You’ve probably heard about carbohydrate loading prior to the race. But what is it and is it necessary to do? Carbohydrates are our body’s preferred energy source during bouts of moderate to high intensity exercise. But we can only store so much in our bodies and it’s not quite enough to run a marathon. When we carbohydrate load, we’re essentially saturating our muscles with glycogen (the storage form of carbohydrate) to ensure we have as much fuel in the tank as possible.
Studies have shown that a high carbohydrate diet in the days leading up to the race can potentially improve performance time, decrease the amount of time it takes for us to feel fatigued and even boost mental and physical energy. My recommendation is to gradually increase carbs over the week leading up to the marathon and decrease high fat and protein-rich foods. You still want some protein – but focus on smaller portions. If we use our plates as a guide again, two to three days out from the marathon you should be making half your plate your grain or starch (rice, potatoes, pasta, bread, cereal, etc.) and then the other half now is divided up between vegetables and your protein source. Focus your snacks primarily on carbohydrate rich foods like pretzels, dry cereal, fruit snacks, graham crackers, or you can even sip on a sports drink which will also help with maintaining hydration.
What about the pasta dinner? If it’s something you’ve practiced and know sits well with you the next day, then go for it. Just don’t overdo it. With an early race start, I generally recommend trying to consume most of your calories earlier in the day prior and not shortly before bed as it can interfere with your sleep. You want to wake up on race day hungry and a big meal the night before may leave you still feeling full come morning.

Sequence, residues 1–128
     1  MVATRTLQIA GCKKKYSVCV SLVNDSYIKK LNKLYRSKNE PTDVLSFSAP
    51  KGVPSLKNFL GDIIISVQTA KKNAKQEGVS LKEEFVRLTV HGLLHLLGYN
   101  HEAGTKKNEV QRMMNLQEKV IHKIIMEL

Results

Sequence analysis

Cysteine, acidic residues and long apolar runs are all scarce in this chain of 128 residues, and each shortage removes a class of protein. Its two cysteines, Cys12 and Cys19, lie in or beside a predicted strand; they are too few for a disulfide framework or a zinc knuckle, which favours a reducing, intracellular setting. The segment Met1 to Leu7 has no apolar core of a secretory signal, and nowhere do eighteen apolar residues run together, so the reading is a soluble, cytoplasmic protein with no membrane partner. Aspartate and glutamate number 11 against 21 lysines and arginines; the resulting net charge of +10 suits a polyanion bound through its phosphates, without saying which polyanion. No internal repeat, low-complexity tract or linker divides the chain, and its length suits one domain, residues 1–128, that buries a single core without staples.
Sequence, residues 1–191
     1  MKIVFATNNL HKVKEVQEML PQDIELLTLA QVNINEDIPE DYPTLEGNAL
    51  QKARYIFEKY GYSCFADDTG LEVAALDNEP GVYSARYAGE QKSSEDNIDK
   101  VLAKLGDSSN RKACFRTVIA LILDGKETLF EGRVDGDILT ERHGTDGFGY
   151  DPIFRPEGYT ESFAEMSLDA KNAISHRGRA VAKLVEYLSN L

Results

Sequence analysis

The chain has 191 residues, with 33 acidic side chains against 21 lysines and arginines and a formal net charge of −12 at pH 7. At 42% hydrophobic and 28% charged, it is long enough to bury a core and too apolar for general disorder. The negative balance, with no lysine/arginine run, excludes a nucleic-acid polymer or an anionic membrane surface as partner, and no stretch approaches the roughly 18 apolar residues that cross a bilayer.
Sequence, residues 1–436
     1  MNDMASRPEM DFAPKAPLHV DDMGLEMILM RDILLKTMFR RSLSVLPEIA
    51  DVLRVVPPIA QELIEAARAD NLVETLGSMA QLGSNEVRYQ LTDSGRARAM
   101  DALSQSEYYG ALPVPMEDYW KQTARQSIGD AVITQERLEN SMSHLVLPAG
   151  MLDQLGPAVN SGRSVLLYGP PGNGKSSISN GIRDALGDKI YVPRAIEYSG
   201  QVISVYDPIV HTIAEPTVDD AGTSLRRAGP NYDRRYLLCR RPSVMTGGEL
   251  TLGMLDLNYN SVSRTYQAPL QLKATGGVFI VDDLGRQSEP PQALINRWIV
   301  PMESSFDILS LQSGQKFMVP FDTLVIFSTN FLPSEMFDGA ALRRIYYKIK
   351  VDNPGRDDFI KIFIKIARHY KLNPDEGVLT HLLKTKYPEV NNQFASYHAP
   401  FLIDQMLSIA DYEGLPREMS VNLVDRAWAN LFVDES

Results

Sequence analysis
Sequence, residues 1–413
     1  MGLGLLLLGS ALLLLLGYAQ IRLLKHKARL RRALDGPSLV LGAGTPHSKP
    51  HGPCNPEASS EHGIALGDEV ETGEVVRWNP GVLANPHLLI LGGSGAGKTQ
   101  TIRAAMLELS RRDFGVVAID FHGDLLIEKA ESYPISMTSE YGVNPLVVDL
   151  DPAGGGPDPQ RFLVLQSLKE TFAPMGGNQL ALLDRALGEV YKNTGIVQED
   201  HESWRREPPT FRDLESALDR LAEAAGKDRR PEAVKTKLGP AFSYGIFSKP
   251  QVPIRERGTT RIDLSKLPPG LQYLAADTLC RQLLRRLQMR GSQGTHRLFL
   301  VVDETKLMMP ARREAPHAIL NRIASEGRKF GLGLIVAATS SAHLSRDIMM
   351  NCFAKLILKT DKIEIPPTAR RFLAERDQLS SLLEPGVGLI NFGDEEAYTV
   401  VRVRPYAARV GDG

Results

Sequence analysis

One side effect to be aware of: you may gain a couple pounds. Don’t panic! This weight gain is likely just water weight as for every ounce of carbohydrate stored in our bodies, we also store about 3 ounces of water. You’ll quickly run that off during the race.
Tip #5: Perfect that Pre-Race Meal
Race day has finally arrived! By now you should know what your go-to breakfast is and when to have it. Your pre-race meal is just a chance to top off those glycogen stores. In general, it should contain at least 500-calories primarily from carbohydrate and be consumed at least one hour and up to four hours before the race starts. This time frame allows for you to digest your meal and hit the bathroom once or twice before the start while also keeping you feeling full throughout the race. Many runners also benefit from a snack about 30-45 minutes before the start. That should be solely carbohydrate based like a banana, handful of pretzels, gel/gu/blok or sports drink.
You’ll want to avoid high-fat foods in your pre-race meal as they may contribute to stomach upset. It’s also not the time to choose that high fiber breakfast cereal as that can lead to some bathroom visits a mile or two into the race. If you’re used to having coffee or tea before your long runs – then by all means continue to do that. But if not, now is not the time to try something new. Some of my go to pre-race meals include:
- Two pieces of wheat toast or a bagel topped with a couple tablespoons of nut butter, sliced banana, 1-2 tsp of chia seeds and a drizzle of honey
- Two packets of oatmeal topped with a handful of blueberries or raisins, slivered almonds, maple syrup and skim/non-fat milk
- A substantial granola bar (200-250 calories), a container of low- or non-fat yogurt and bottle of sports drink with carbohydrates
Finally, hydration is also important before the race. Wake up and sip – don’t chug – on water or a sports drink throughout the morning. It takes at least 45 to 90 minutes for water to move through our system. If you gulp it down, you won’t adequately absorb the water and find yourself having to hit the bathrooms sooner than you may have anticipated. Try to have a couple glasses about 2 hours before to allow for ample time to urinate any excess before the start.
Bottomline: Practice Makes PRs!
The taper can be one of the hardest parts of training for a marathon. Apply these tips as you go through the next few weeks to ensure your nutrition is taken care of. Having the knowledge that you are nutritionally prepared come race day provides you with one less thing to worry about so you can focus instead on the job ahead – to race and enjoy 26.2 miles feeling great!